Bienvenido a Uruguay

It was just six months ago that South America was casually dropped as an option during a conversation about where we should explore next.

After months of intensive planning, we settled on an itinerary that spans 4 countries and 4 seasons: Uruguay for the spring and summer, Buenos Aires for the fall, Santiago for the winter, and Mexico for another fall and winter. But first, we had to get to South America.


Our flight to from New Orleans to Uruguay was strategically planned so that our four-legged travel buddy could stop to relieve himself every few hours. Our 11 year old yorkie is a travel champion and was admittedly much calmer than I through various bouts of turbulence.

Speaking of turbulence, we hit such a bad patch over Panama City that I actually cried. Tears flowed, the flight crew felt bad for me, and the dog gave me a few pity-kisses before going back to sleep.

We eventually touched down in the capital city, Montevideo, early Sunday morning. Customs in Uruguay was a dream and we breezed through passport control and customs in less than 15 minutes. According to other travelers, passport control is consistency efficient regardless of your arrival time.

After a quick stop to exchange currency, we stepped out into the cool spring weather to hail a cab.


Although the first cab we tried didn’t want to take our dog, another driver quickly offered to take us as long as he remained seated in his carrier. Our driver gave us the lowdown on Montevideo as we cruised along the waterfront.

Supplementing our driver’s knowledge with a little bit of internet research, here are some interesting facts about our new home for the next few months:

Montevideo is Uruguay’s largest city; over half of the country’s entire population lives here. It’s also South America’s highest ranking city for quality of living. Crime is relatively low. Uruguayan’s boast the highest level of literacy and education across the continent. 96% of the country is educated thanks to free education through post-graduate level.

Our first stop in the city was at a highly recommended breakfast spot. Both the driver and our AirBnB host recommended Medialunas Calentitas, an intimate but bustling cafe that sold a wide variety of specialty croissants and coffee. Suffice to say we spent nearly 2 hours sitting on their breezy outdoor patio enjoying fresh croissants, quiches, and cafecitos.

After breakfast, we leisurely walked a mile through the city to get to our AirBnB in the Parque Rodó, named after the large park which sits between the residential area and the beach.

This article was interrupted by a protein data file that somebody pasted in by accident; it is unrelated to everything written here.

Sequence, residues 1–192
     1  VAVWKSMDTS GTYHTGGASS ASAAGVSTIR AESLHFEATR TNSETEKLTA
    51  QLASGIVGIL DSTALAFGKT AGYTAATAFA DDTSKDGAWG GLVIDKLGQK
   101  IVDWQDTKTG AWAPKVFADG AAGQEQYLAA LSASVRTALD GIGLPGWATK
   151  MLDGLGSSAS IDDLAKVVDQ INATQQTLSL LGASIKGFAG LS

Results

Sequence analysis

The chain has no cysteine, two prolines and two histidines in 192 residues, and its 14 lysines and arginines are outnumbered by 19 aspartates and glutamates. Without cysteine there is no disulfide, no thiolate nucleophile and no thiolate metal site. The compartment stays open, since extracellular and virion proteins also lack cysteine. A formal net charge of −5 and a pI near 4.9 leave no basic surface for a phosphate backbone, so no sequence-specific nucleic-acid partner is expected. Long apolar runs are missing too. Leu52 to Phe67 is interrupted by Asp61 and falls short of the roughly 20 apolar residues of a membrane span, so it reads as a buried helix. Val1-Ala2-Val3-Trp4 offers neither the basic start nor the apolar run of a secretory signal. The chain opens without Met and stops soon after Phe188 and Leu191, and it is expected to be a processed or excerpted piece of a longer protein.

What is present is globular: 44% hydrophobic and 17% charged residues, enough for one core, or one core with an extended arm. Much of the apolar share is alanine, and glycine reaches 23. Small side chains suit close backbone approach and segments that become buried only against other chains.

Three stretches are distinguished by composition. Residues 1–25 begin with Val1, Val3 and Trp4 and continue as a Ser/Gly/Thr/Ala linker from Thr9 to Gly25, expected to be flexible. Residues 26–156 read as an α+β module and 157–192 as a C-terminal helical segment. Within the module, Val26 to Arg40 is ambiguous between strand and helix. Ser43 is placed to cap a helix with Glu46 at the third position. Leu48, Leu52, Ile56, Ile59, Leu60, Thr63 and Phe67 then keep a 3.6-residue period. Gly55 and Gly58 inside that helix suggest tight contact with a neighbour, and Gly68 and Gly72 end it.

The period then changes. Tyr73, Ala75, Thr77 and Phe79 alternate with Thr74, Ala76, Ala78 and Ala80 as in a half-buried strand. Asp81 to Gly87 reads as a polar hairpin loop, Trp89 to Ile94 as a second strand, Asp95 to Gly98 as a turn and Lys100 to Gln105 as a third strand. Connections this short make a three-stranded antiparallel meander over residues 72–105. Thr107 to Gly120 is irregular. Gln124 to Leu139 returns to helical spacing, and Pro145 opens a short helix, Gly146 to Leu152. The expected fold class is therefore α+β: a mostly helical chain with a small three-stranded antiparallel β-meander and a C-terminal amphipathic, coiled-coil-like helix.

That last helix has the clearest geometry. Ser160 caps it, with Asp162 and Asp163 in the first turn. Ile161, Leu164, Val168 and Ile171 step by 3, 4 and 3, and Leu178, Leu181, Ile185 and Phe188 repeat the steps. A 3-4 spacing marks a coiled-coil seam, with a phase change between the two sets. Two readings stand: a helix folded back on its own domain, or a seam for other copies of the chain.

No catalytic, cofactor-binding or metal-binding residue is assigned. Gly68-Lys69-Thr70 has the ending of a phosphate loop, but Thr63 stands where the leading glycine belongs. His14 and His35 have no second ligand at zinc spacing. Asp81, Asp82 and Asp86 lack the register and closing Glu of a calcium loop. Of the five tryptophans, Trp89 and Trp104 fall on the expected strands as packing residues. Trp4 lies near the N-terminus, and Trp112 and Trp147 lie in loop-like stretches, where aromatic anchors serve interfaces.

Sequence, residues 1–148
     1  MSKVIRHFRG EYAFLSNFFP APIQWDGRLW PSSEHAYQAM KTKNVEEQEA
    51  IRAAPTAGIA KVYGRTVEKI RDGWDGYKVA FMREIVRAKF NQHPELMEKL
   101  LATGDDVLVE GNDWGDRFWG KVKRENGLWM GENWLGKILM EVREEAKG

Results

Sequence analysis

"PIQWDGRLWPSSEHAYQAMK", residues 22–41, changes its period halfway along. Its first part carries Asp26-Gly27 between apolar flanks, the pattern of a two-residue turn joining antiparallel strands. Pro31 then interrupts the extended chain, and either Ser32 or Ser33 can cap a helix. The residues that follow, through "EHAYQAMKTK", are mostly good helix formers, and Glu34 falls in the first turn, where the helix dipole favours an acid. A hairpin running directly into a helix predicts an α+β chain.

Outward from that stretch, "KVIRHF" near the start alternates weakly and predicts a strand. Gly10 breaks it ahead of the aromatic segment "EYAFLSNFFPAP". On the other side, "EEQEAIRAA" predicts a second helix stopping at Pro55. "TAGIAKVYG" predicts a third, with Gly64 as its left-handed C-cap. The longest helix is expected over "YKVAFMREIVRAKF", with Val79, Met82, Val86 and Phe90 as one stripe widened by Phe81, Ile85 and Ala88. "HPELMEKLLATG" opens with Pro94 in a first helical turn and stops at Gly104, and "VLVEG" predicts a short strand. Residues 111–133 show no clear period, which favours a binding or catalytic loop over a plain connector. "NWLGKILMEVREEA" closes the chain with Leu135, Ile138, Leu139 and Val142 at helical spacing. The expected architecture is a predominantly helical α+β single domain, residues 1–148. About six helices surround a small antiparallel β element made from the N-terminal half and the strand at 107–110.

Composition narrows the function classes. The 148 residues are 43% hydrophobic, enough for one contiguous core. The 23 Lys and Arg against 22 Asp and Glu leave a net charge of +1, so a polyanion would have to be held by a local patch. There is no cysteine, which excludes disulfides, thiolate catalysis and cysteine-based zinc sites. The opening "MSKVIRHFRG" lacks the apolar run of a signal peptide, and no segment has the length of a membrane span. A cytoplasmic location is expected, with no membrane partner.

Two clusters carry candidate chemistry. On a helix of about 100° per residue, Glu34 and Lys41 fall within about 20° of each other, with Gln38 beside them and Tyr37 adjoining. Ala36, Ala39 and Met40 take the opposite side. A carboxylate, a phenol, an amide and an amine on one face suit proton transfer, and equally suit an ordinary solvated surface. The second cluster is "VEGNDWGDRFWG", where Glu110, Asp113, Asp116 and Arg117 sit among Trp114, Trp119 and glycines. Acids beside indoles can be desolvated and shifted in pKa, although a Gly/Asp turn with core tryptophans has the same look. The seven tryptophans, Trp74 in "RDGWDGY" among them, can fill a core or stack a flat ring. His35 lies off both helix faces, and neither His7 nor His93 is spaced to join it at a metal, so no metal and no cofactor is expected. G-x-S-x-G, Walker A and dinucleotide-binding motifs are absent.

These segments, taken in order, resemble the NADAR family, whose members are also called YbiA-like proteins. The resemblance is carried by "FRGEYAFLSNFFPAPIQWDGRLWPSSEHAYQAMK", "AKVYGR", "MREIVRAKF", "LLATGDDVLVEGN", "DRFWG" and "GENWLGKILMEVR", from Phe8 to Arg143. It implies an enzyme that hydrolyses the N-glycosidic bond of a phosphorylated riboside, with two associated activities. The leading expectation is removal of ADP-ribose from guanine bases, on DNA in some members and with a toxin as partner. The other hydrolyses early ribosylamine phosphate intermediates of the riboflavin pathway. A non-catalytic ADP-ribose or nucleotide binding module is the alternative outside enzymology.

Our apartment is a small studio with big personality. If you squint, you can see the Rio de La Plata which flows eastward into the South Atlantic Ocean (hey, I’ll take any sea view) through floor to ceiling windows. We’ve already enjoyed a brilliant sunset and sunrise through the window (only one as it has been raining since the day after we landed). I suppose spring is spring anywhere in the world: wet and unpredictable.


After settling in some, we ventured out to find the nearest grocery store. When in a new city, our first stop to the local market is often quite expense because we need to stock up on big ticket items such as sundries and toiletries.

However, we were more than surprised to wrack up over $3,000 pesos uruguayos (about $100 USD) for what seemed like only a few basic items. It was then that we had our first “a-ha” moment that Montevideo may not be as cheap as we initially anticipated.

Walking back to the apartment, I spotted a few children in Halloween costumes. I genuinely had no idea that Halloween was celebrated here. Though not as big as the US, a handful of shops donned Halloween decorations and even offered free candy to shoppers.


A few fun tidbits we recently learned:

  • Several different power outlets are used in Uruguay. As our favorite local blogger puts it, “Uruguay is a country stuck between two industrial giants, so we end up with appliances produced for Brazilian and Argentine markets, with the accompanying different plugs.” Needless to say, bring multiple power adapters. You’ll need them for every appliance.
  • As a country with no official religion, Uruguay has renamed many of its traditional Catholic holidays. Christmas, for instance, is called Family Day and Holy Week is called Tourism Week.
  • To combat problems related to drug trafficking, Uruguay became the first country in the world to license the production, distribution and sale of marijuana.
  • Meat aside, pasta is the second most popular food item here thanks to strong ties to Italy. In fact, historians calculate that nearly 68% of Uruguayans today have Italian roots!
  • Last but not least, Uruguayans seem to be on what I fondly refer to as “New Orleans time.” Things move at a slower pace here, and hard & fast meeting times don’t necessarily apply. Thankfully with the way we travel, we’re never really in a rush to be anywhere anyway.


Although it’s only been a few days, we’re already thrilled to be in a pretty progressive country. So far, people have been incredibly friendly and patient. (Shout out to everyone to whom I’ve said, “Estoy aprendiendo español,” or, “I am learning Spanish.”)

I can’t wait to explore the Ciudad Vieja, or Old Town, where most of the city’s historical buildings, museums and art galleries (several of which are free to visit) reside. I’m equally as excited to walk the Rambla, or 14 mile long pedestrian promenade that follows the ocean.

In the meantime, I’ll be enjoying my local matte from indoors until the rain subsides.

Hasta la próxima!




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